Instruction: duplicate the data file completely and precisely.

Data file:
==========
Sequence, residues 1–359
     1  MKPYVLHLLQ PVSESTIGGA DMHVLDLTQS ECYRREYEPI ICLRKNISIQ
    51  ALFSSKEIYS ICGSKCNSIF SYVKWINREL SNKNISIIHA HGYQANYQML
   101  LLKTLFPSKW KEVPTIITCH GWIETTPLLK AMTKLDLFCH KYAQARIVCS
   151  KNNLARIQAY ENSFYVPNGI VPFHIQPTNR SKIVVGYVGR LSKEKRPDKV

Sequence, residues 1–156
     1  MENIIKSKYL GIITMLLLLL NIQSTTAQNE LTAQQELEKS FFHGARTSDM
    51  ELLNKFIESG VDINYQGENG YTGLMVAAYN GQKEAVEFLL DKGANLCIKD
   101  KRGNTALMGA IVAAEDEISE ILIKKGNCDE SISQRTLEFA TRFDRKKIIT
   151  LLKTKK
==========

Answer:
Sequence, residues 1–359
     1  MKPYVLHLLQ PVSESTIGGA DMHVLDLTQS ECYRREYEPI ICLRKNISIQ
    51  ALFSSKEIYS ICGSKCNSIF SYVKWINREL SNKNISIIHA HGYQANYQML
   101  LLKTLFPSKW KEVPTIITCH GWIETTPLLK AMTKLDLFCH KYAQARIVCS
   151  KNNLARIQAY ENSFYVPNGI VPFHIQPTNR SKIVVGYVGR LSKEKRPDKV

Sequence, residues 1–156
     1  MENIIKSKYL GIITMLLLLL NIQSTTAQNE LTAQQELEKS FFHGARTSDM
    51  ELLNKFIESG VDINYQGENG YTGLMVAAYN GQKEAVEFLL DKGANLCIKD
   101  KRGNTALMGA IVAAEDEISE ILIKKGNCDE SISQRTLEFA TRFDRKKIIT
   151  LLKTKK